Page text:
Are you planning on storing the JSON in SQL or will that only exist on disk and have a reference to the file in the DB around the metadata you are interested in? If you store the JSON in the database, you may not need the BLOB storage?

    You may also want to look at what the end user interface is going to be for uploading these files. Is it going to be a manual process or is it part of an automated process? If it is automated, is it a scheduled process or trigger based or near-real-time? If it is manual, you run the risk of incorrect uploads (duplicate uploads, missed uploads, incorrect uploads, etc).

    Another question (for you internally, doesn't really matter to me specifically) - how will users access the data when they need it? Are they logging into Azure and pulling the data as needed or are you building a custom app for it or something else? The reason this is important is that you want to make sure that the search tool you are using makes sense and can work with the solution you implement. For example, if the search is "windows search" (bad example, but just an example), I am pretty sure that has no way to connect to ElasticSearch so the solution may be "wrong" from the start.

    Some of the questions above are just to make you think about more than just the technical part of the solution design. That may be the only part YOU are involved in, but doesn't hurt to get the answers. It COULD be that nobody thought about some of that stuff before telling you what needs to be done. I've had solutions come my way and I asked some questions and the project got pushed in a new direction or cancelled completely. I've also had solutions pushed my way where I was told "this is what the company bought, so you and the team have to make this work". You may be in the second boat which is less fun to be in. BUT if Azure is the "solution" they want, then SharePoint meets the "Azure" requirement because the data is stored in Azure if I am not mistaken. Plus, SharePoint licenses give you a ton of storage. You'd need 1 license per user and I think it is 1 TB storage/user licensed if I remember right, plus a chunk (10 TB I think?) for getting the SharePoint license to begin with. Not 100% sure on those numbers, but they should be more than enough for your data growth.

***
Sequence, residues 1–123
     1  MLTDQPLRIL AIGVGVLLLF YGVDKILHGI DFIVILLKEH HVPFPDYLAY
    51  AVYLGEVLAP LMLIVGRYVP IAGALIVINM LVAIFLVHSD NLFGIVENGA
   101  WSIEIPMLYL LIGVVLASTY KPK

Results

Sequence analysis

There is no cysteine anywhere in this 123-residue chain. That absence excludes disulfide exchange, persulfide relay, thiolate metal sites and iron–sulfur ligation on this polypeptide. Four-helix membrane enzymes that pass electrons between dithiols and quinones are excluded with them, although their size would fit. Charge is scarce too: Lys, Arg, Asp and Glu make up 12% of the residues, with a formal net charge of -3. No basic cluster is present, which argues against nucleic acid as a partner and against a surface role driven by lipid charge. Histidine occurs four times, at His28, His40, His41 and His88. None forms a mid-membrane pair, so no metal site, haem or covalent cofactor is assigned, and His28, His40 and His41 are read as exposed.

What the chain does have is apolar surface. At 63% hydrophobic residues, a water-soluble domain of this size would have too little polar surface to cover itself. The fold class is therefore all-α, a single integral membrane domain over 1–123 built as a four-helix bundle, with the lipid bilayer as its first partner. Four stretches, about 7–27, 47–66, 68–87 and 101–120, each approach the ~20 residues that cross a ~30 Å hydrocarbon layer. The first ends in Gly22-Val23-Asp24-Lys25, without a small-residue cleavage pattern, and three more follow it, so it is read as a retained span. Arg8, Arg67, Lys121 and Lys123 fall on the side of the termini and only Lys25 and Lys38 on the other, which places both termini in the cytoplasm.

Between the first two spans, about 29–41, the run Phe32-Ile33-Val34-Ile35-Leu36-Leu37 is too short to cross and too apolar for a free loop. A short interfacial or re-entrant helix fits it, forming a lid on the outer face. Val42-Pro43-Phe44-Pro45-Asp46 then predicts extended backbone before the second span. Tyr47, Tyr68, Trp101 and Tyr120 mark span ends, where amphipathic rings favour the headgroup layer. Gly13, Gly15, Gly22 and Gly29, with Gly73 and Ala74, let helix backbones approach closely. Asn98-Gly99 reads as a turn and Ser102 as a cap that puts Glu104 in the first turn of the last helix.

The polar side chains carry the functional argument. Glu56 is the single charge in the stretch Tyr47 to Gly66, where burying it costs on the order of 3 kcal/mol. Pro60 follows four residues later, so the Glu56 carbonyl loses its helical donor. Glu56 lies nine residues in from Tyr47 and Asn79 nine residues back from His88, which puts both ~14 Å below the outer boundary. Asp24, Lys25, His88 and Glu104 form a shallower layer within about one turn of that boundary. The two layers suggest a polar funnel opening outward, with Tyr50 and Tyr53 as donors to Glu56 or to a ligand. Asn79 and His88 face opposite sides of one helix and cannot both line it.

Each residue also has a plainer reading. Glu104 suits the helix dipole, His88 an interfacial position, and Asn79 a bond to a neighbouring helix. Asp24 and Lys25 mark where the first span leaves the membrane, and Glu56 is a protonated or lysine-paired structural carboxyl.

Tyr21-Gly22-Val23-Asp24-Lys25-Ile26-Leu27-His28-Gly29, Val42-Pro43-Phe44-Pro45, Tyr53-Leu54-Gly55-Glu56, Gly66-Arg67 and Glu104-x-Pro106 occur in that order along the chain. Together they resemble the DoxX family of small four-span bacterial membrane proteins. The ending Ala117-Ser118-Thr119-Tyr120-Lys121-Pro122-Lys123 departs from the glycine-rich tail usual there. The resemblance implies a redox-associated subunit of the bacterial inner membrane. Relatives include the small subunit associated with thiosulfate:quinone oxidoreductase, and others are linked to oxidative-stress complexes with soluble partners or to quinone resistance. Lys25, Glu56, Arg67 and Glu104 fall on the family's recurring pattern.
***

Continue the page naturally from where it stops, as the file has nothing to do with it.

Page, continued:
The above is all just my opinion on what you should do. 
    As with all advice you find on a random internet forum - you shouldn't blindly follow it.  Always test on a test server to see if there is negative side effects before making changes to live!
    I recommend you NEVER run "random code" you found online on any system you care about UNLESS you understand and can verify the code OR you don't care if the code trashes your system.

  • Thank you for such a detailed reply. I have just noticed I wrote 500MB instead of 500GB - mia culpa and I apologise.

    My experience from SharePoint from two last places is less than positive, although I wasn't involved in either:

    both attempted to migrate from an old version of SharePoint to the new one and both couldn't easily do it - just abandoned the idea

    and kept two separate versions. My only experience with SharePoint as a user, hence I cannot comment on what were the issues.

    My thoughts were that Azure BLOB Storage will store the media, where SQL Server and ElasticSearch will allow me to implement CQRS with SQL simply storing all the data, including metadata, and ElasticSearch - used for the queries.

    I will read through your suggestion again, but I wonder if my mistake between MB and GB will change your approach.

    Much obliged.

     

  • If you are looking at Blob Storage you might also like to consider Object Drift and Corruption. We were looking at something similar last year but it got abandoned for more pressing problems:

    https://www.sqlservercentral.com/forums/topic/how-do-i-add-files-to-the-server/page/2#post-4318826

    I am not totally convinced about Sharepoint especially as few of our files will change. Even if they do change S3/Blob Storage have the option of versioning. If time is available, it might be best to try and prototype various options and see if any problems emerge.